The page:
CK: In the Czech Republic, we produce 34 million tons of waste per year. Regarding municipal waste, we know that 45% of that goes into landfills. Meanwhile, 80% of this material could be recycled and the reason it’s not is the lack of market transparency. We also have very low landfill fees, just 500 crowns per ton, so the easiest way for companies to deal with waste is just to dump it. We need to change that.
ML: How does that compare to our European neighbors?
CK: It varies significantly between the East and West part. In the West, the percentage dumped is almost zero. In the East it’s quite a bit higher.
ML: Is that because landfill dumping is highly taxed and therefore very prohibitively expensive? Is that the key?
CK: That’s one of the reasons.
ML: So is it as simple as hitting a prohibitively high landfill tax and through pure economics, companies decide not to dump? Or are people becoming more aware and want to make that change so they will rather go to recycle?
CK: There are two drivers. One is that we know terrible landfills are. They smell, they pollute our water, they’re simply terrible. I would say that people in the West are more aware of that and they don’t want to have landfills polluting their environment. So that’s one thing- they’re keenly aware of how horrible it is for the environment. The second reason is their landfilling fees are much higher. This motivates the recycling industry to invest into new technologies. If we were to increase the price in Czech Republic from 500 crowns to at least seven or eight hundred, investing into new recycling technologies would also pay off. We need such an increase.
ML: That’s only a six percent increase from the current price. Why aren’t we doing it?
CK: A lot of the companies are ready. The business plans are ready, the technology is ready and they are just waiting for it. The problem is that many waste management companies have found a way to easily generate a lot of profit from landfills. These businesses have a very strong voice in parliament and are thus very effective at affecting policy. We as a society need to unite and make a stand that we don’t want landfills to be a part of our economy and modern society.
ML: Do you feel as if it’s changing? Is there a bright future in terms of recycling in front of us?
CK: I feel very positive. A steadily increasing number of people is becoming aware of the issue, of changes in nature and climate and they want to buy products from recycled materials. It is changing, but it’s changing slowly.
ML: Let’s talk about some specific materials. What materials do you see a very bright future for in terms of recycling? With what materials will it be harder?
CK: It depends on supply and demand. For example, we are currently seeing a shortage of gravel and sand in the construction industry. This material makes up about 60% of landfills so for waste management companies, this is really an opportunity. They’re currently trying to figure out how to extract it so they’ll be able to sell it. So there is tremendous potential for construction materials. There’s also potential with plastic, especially high density polyethylene and other similar kinds of high quality materials. I would say that companies in general are becoming more aware of the potential of these materials, especially once a slowdown happens. At that point, more and more companies will think about being able to sell their waste material instead of dumping it.
ML: So construction material, like sand and concrete, and also plastics. You mentioned high density polyethylene, which has a high value. However, in every cycle, or recycling event, quality of material does go down. Does this market and does this economy understand that? That it will not necessarily get the virgin product material properties and it’ll have to absorb that slight reduction in quality…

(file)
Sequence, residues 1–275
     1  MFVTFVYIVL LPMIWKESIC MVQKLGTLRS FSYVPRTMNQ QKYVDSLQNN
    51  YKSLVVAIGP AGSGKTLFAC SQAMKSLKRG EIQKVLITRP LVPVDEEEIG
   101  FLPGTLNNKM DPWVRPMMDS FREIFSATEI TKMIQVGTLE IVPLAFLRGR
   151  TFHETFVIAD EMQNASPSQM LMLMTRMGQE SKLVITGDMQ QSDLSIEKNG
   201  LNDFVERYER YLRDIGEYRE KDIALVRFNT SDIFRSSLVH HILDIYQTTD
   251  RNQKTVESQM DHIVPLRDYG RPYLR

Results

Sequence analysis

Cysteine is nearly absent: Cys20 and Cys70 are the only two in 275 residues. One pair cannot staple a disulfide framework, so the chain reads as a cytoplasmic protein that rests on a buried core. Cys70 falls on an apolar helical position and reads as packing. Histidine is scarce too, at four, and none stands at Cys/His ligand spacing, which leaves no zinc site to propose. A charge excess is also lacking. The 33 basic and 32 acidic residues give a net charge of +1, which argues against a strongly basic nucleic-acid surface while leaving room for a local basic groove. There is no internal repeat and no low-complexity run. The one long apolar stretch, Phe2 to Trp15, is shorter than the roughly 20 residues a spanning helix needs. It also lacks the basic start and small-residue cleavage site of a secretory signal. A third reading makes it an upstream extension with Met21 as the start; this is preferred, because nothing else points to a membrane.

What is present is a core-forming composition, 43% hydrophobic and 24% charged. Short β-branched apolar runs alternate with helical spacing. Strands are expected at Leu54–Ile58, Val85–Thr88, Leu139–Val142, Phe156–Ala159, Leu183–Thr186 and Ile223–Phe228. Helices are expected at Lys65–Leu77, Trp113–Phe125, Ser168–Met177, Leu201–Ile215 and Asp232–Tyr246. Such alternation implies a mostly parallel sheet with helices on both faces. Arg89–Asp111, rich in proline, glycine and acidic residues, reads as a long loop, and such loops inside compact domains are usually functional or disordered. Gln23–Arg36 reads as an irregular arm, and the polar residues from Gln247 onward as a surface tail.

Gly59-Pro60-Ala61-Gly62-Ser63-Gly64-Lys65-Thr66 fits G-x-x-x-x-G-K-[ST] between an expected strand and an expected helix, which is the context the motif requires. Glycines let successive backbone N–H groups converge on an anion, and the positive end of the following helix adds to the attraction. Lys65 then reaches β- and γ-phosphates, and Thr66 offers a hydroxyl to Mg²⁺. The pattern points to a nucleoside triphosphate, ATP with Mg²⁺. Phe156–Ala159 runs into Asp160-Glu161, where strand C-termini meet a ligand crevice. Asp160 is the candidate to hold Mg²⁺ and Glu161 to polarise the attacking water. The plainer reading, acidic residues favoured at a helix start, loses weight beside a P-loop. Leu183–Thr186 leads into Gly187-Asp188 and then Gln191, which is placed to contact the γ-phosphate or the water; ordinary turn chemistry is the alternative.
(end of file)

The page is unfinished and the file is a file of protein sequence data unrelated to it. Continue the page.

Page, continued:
CK: We’re aware that virgin materials have a different level of quality than secondary materials. Take the construction business. When building a bridge, there are certain parts in which you definitely shouldn’t use secondary materials. On the other hand, there are other areas, maybe part of a highway, where you can use recycled materials very easily. We also do testing on these materials and we know that the quality is almost the same.
ML: Is legislation prepared for that? For example, recently in Britain there were a couple of unhappy construction projects. In the end it turned out that it was because they used lower quality, low grade materials. Surely there has to be some sort of legislation which provides a framework of what uses are permitted for recycled material and where they have to be of virgin quality.
CK: There is an activity in Czech now called Zelené Zadávání [Green Assignment] which informs municipalities and other big players for what purpose you can use these kinds of materials. We are slowly becoming more aware of the potential positive sides of recycled materials.
ML: Is your marketplace creating new companies that are using these second-hand materials? Are you seeing a lot of users, who are buying this material and doing something innovative with it?
CK: We’ve only been around for a short time, so we’re not at the point of starting new companies yet, but many companies are beginning to think in this way. For example, Brokis is a glass-making company. In the past, they used to dump their broken glass into landfills but now they’ve started a new company called Broken Glass and are creating high- end designer products out of what used to be waste. It’s a brand new concept and the products are quite expensive, but people are buying them because they look fantastic and there is a story behind them. By purchasing the product, you become involved in a story. That’s becoming increasingly important for today’s customers. They’re not just buying stuff; they want to have an experience. They want to be part of a story.
ML: Are you noticing that generally speaking in the market? People are willing to pay extra to be part of a story? To enter into that circular motion instead of just going for the bottom line price?
CK: It is changing. A study that came out a couple of weeks ago concluded that last year, 46% of people bought at least one environmentally friendly product. 68% said they would be willing to pay more for a product which includes this experience and has a positive environmental impact. It’s absolutely changing.